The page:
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Expand chart
Data: IEA Global Energy Review 2021; Chart: Axios Visuals

Global energy-related carbon emissions will surge this year as coal, oil and natural gas consumption return from the pandemic that caused an unprecedented emissions decline, the International Energy Agency estimated Tuesday.

Why it matters: The projected rise of nearly 5% would be the largest since the "carbon intensive" recovery from the financial crisis over a decade ago, IEA said, putting emissions just below their 2019 peak.

Threat level: Tragic pandemics are a terrible reason for emissions cuts and they're not a climate policy.

  • But IEA head Fatih Birol, in a statement, called the carbon bounce-back a troubling sign.
  • "This is a dire warning that the economic recovery from the COVID crisis is currently anything but sustainable for our climate," he said in a statement.
  • "Unless governments around the world move rapidly to start cutting emissions, we are likely to face an even worse situation in 2022," Birol said.

The big picture: IEA sees overall global energy demand rising 4.6% this year, pushing it back above 2019 levels, but varies by region.

Most of the increase comes in emerging markets and developing countries, while energy use in "advanced economies" will be 3% below pre-COVID levels, they estimate.

Yes, but: Knowing the future is hard.

"The pace of global vaccine rollouts, the possible emergence of new variants of the Covid-19 virus, and the size and effectiveness of economic stimulus measures all represent major uncertainties," IEA notes.

Expand chart
Data: IEA Global Energy Review 2021; Chart: Axios Visuals

The chart above shows IEA's projections for changes in CO2 emissions from coal, oil and natural gas.

Driving the news: They see global oil demand rising over 6% this year, but staying below 2019 levels.

  • But global coal demand is expected to be higher than 2019 and approach its 2014 worldwide peak, IEA projects.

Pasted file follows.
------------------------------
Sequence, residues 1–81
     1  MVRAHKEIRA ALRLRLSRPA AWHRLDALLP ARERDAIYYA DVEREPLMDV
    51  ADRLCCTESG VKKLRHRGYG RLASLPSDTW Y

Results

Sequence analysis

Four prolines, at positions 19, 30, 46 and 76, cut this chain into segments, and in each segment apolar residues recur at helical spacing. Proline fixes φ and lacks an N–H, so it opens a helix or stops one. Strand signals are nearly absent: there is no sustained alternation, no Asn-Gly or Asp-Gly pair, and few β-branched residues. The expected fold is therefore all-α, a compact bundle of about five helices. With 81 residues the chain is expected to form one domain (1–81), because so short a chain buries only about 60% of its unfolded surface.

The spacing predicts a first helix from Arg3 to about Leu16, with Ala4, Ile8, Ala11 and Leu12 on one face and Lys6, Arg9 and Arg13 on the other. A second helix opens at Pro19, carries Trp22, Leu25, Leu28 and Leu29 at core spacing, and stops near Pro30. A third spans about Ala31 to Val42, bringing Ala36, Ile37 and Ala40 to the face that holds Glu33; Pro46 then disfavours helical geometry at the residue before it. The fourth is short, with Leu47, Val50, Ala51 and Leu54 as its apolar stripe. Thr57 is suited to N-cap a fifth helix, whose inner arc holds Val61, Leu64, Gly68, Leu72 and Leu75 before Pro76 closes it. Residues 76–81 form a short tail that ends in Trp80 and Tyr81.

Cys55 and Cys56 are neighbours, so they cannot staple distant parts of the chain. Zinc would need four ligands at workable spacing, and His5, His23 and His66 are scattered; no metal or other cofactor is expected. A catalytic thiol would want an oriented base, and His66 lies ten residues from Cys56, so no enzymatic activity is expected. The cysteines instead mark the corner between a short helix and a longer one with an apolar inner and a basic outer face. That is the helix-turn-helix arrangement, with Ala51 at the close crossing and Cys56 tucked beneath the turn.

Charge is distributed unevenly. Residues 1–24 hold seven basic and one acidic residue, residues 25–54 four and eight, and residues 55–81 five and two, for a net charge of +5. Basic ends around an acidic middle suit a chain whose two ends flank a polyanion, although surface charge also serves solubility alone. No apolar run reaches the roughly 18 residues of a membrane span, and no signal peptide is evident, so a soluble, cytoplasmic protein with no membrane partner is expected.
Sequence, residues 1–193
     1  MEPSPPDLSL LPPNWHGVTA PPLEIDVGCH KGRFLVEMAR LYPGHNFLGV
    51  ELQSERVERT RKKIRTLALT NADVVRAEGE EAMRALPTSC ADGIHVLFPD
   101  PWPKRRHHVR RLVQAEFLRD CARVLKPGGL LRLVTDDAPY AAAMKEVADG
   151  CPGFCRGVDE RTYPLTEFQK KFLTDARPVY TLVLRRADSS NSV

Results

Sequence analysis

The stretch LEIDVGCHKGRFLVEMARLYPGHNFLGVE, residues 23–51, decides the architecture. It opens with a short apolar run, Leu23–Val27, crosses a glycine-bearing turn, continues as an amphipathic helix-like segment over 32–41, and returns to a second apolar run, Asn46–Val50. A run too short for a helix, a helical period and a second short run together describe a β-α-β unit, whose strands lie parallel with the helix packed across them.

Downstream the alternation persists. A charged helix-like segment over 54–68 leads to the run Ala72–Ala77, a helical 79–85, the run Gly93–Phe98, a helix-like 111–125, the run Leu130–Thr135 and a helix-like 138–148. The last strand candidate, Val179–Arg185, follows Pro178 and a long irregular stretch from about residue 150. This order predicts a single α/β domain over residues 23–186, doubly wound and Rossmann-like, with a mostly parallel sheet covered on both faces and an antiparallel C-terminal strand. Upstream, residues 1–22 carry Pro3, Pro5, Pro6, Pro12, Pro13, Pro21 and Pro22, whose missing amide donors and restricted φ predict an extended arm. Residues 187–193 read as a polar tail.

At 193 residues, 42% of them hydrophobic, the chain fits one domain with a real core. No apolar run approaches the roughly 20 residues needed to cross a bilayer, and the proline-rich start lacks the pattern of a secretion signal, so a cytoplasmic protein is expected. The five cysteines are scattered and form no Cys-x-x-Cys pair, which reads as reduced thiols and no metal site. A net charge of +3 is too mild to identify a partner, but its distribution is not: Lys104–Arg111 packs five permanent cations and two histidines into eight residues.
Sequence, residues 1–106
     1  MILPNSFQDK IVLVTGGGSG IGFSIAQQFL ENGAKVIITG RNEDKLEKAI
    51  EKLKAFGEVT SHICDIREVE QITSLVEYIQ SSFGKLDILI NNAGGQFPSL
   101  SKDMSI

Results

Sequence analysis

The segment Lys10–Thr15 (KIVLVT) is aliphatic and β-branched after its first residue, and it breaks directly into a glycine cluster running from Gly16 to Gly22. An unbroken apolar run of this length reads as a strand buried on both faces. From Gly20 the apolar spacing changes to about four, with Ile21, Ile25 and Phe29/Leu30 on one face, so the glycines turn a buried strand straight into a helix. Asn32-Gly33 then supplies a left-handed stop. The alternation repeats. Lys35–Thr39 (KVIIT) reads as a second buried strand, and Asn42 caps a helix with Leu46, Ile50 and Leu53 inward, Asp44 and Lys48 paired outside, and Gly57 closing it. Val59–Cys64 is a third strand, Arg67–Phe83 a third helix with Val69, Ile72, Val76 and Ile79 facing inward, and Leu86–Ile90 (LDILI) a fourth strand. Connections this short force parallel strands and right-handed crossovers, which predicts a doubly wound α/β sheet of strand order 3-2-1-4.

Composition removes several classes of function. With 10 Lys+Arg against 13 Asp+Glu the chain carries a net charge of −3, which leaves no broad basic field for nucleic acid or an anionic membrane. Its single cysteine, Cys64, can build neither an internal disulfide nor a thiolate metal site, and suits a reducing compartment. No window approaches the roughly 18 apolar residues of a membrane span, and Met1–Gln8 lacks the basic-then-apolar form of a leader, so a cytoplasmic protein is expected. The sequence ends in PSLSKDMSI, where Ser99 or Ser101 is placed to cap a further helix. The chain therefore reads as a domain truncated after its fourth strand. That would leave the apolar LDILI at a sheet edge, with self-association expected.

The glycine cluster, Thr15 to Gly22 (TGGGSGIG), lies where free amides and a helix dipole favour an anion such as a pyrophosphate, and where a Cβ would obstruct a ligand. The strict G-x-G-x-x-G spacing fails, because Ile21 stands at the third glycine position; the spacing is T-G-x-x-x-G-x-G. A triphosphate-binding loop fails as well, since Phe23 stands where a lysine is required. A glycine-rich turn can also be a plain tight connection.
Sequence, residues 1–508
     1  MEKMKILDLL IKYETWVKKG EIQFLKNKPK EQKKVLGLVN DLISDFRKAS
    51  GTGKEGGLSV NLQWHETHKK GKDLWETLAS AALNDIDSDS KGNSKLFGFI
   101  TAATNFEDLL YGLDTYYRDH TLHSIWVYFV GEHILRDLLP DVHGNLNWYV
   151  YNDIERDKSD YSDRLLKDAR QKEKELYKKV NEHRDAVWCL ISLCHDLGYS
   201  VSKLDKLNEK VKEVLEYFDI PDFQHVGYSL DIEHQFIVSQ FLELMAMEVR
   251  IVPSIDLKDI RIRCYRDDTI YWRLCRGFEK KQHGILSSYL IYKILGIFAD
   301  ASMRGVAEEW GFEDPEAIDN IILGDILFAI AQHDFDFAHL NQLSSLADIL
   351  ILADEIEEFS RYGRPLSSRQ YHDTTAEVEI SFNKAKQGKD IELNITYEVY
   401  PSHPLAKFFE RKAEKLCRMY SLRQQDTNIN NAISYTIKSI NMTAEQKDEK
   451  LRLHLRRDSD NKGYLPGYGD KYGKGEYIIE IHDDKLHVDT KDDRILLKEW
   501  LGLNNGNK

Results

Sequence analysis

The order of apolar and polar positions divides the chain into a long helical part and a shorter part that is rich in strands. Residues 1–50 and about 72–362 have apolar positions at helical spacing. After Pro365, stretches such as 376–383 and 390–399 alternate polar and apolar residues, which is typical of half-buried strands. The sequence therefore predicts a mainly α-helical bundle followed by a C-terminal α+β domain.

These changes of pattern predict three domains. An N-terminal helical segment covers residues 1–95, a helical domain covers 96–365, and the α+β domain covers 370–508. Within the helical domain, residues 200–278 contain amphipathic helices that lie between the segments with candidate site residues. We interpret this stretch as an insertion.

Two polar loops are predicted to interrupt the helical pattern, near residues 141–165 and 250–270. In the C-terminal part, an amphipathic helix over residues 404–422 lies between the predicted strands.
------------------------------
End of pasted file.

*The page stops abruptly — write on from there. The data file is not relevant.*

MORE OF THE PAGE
• IEA sees China, the world's largest coal consumer, accounting for 55% of the 2021 increase in global coal demand.
  • They see China's coal demand, which rose slightly last year, at a record high in 2021.

Go deeper: Covid-19 Slashed Carbon Emissions. Now They’re Climbing Again. (Wall Street Journal)

Go deeper

Ben Geman, author of Generate
Apr 19, 2021 - Energy & Environment

Emissions modeling underscores need for sweeping energy transformations

Expand chart
Data: IEA; Chart: Axios Visuals

International Energy Agency modeling underscores the kind of sweeping energy transformations needed in the relatively near future to meet the Paris Agreement's temperature goals.

The big picture: The chart above via IEA's World Energy Outlook last October shows changes in demand for various fuel sources in three IEA scenarios.

World must sharply cut emissions by 2030 to meet Paris climate goals

Expand chart
Data: SSP/Global Carbon Project; Chart: Will Chase/Axios

The odds of calamitous climate events, from collapsing polar ice sheets and the ensuing sharp rises in sea levels to deadly heat waves, increases dramatically if the world exceeds the Paris Climate Agreement's temperature targets.

Why it matters: In order to have a decent chance of meeting the agreement's most ambitious temperature target — holding warming to 1.5 °C above preindustrial levels — greenhouse gas emissions need to be sharply reduced before 2030.

Cities up the ante on their climate pledges

Illustration: Annelise Capossela/Axios

Cities and states continue to push forward on their climate goals, raising their level of ambition as the White House prepares to host a global climate summit this week.

Why it matters: Cities account for a significant share of emissions and worked to reduce them despite the Trump-era federal pullback. City leaders also must prepare for climate impacts such as the sea-level rise and more intense heat waves.